10.06.2009 Policy Points

Creating Jobs by Aiding States

Last week’s alarming national employment report has caused federal leaders to consider additional measures to spark job creation. Options reportedly under discussion include extending unemployment insurance benefits, providing tax credits to business that add positions, allowing businesses to carry back operating losses over a longer time period, and expanding and extending a tax credit for first-time homebuyers.

Unfortunately, none of these measures actually will have much of an impact on job creation and with the crucial excpetion of extending unemployment insurance benefits, none will do much to stimulate the economy.

Consider the first-time homebuyers tax credit, which some advocates want to extend and expand. In its current form, the tax credit is not only expensive and  inefficient, but it also does nothing to reduce the the nation’ supply of excess housing units. Calculated Risk explains:

The so-called “first-time” homebuyer tax credit just moves people from renting to owning, and doesn’t reduce the overall number of excess housing units. As I’ve noted before, the tax credit policy will push the rental vacancy rate above 11% soon ….

The new home market is definitely in a depression, and will not recover until the excess housing inventory is reduced. However most of the tax credit was aimed at the existing home market – and existing home sales are at about a normal level (not depressed), although the mix is skewed toward the lower end and distressed sales (not a healthy market).


Similarly, a proposed $3,000 tax credit for firms that hire workers also would have little impact. Dean Baker explains:

Most studies show that labor demand is highly inelastic (this is why increases in the minimum wage have little effect on employment), so a tax credit that modestly decreases the cost of labor is unlikely to have much effect on employment. On the other hand, there would be many opportunities for employers to game this tax credit.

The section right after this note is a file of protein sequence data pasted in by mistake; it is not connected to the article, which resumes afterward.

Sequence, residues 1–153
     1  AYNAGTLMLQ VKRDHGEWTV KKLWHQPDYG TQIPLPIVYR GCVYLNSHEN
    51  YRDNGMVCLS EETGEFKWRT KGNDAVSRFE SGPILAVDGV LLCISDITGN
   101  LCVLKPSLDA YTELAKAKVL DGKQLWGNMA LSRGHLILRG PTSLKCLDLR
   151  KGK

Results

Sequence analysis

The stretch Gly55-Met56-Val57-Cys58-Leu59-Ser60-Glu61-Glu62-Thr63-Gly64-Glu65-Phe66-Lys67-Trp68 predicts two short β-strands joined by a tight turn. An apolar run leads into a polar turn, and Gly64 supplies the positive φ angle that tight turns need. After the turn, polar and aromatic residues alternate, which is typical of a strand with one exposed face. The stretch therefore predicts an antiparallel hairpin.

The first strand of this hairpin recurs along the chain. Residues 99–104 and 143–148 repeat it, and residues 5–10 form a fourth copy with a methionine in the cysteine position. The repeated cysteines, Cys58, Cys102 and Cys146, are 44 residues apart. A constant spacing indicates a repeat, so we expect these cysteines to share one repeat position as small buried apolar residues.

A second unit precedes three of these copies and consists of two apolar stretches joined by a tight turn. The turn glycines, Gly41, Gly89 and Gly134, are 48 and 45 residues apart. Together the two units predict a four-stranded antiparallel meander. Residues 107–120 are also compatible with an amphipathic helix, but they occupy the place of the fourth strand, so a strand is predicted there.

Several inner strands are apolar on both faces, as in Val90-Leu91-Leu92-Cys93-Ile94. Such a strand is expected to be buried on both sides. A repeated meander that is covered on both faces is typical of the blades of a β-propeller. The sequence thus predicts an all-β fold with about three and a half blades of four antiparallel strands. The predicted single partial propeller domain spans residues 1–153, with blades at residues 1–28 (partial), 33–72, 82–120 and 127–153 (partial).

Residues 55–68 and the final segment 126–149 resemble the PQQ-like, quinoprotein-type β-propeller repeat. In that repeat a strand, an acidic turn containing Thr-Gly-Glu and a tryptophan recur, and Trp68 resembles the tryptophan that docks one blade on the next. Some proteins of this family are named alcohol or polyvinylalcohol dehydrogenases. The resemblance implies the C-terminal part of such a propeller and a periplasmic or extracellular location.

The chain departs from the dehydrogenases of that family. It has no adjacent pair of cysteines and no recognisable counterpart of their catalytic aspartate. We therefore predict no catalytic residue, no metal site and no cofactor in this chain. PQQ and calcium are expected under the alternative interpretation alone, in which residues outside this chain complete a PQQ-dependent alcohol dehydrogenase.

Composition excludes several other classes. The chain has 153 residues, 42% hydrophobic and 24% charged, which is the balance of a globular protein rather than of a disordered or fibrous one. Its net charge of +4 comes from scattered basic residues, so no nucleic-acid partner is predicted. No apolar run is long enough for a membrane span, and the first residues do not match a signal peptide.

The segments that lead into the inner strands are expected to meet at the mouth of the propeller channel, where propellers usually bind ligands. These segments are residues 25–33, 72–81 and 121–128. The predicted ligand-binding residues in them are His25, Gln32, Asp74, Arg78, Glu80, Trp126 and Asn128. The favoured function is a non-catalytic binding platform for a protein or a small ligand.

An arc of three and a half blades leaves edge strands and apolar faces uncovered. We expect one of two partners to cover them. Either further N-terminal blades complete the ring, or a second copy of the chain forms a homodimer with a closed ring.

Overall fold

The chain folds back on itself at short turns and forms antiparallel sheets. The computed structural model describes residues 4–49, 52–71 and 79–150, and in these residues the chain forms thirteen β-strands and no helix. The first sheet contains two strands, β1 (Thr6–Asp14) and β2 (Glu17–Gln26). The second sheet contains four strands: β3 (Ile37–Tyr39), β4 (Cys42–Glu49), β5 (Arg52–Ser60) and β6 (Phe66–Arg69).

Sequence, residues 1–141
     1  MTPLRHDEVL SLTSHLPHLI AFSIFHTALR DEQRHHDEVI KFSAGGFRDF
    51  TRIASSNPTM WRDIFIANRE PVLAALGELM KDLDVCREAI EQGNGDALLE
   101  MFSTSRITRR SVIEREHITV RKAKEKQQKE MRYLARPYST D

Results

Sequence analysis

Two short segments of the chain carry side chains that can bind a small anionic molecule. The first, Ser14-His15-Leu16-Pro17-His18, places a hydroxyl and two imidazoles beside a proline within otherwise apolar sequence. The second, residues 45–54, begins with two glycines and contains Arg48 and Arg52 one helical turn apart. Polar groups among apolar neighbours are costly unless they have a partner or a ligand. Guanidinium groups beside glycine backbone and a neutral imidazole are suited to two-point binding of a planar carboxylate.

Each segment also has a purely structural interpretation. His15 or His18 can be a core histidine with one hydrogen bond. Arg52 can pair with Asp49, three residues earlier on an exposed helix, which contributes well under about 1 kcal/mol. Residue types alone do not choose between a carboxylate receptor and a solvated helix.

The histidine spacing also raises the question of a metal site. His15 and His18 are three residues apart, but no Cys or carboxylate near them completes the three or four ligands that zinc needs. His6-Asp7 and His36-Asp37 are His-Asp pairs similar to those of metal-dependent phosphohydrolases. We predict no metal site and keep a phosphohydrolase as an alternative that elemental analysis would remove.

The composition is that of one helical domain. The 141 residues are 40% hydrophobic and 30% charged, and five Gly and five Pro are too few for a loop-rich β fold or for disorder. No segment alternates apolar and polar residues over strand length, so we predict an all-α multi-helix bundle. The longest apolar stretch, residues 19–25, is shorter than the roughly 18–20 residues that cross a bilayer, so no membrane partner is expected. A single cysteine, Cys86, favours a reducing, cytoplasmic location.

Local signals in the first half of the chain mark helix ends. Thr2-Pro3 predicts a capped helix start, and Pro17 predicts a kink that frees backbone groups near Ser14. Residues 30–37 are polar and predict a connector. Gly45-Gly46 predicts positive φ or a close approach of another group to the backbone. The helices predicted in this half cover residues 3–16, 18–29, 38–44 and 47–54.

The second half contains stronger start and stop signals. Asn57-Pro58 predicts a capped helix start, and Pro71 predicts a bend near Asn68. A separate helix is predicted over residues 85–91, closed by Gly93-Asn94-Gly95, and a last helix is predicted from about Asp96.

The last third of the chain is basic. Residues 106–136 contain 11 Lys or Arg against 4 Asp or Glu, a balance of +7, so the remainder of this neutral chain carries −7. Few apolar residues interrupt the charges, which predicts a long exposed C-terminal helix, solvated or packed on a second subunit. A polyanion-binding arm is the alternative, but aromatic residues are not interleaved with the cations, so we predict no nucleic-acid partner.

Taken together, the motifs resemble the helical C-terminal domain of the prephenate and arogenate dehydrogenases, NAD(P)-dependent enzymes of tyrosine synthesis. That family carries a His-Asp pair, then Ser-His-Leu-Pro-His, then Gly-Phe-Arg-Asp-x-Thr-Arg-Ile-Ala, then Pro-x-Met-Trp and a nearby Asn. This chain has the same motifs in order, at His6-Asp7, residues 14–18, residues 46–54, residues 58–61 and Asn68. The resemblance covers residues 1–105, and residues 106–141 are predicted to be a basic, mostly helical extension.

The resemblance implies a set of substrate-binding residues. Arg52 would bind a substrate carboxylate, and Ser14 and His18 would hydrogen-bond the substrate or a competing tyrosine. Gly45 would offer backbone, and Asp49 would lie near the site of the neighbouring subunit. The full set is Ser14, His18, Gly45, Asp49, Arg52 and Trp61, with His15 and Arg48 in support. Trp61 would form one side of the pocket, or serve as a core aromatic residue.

The most obvious is simply bringing some jobs on payroll that are currently contracted out. For example, if a company currently contracts out its custodial services it can instead hire people on its payroll to do this work and get the $3,000 tax credit. This would lead to no net gain in jobs.

This is not to say that federal efforts can’t foster job creation; they can. However, instead of relying upon inefficient tax credits, policymakers should employ measures that directly put cash into the hands of individuals, such as unemployment insurance expansions, and help states avoid having to slash spending. Explains The Wall Street Journal:

Every House and Senate member, regardless of party, comes from a state having serious problems making ends meet in this recession. And getting money out to states quickly may have been the single most effective impact of the February stimulus package. That money — which went for construction projects, education and health-care programs — helped financially strapped states avoid even bigger disasters as they put together budgets for the current fiscal year ….

States generally are required to balance their budgets, so without stimulus funds they would have been forced into much deeper budget cuts this year. That would have had an immediate jobs impact as states laid off workers, signed fewer deals with private contractors and sent less money on to local governments to help pick up trash, keep parks open and put cops on the street.

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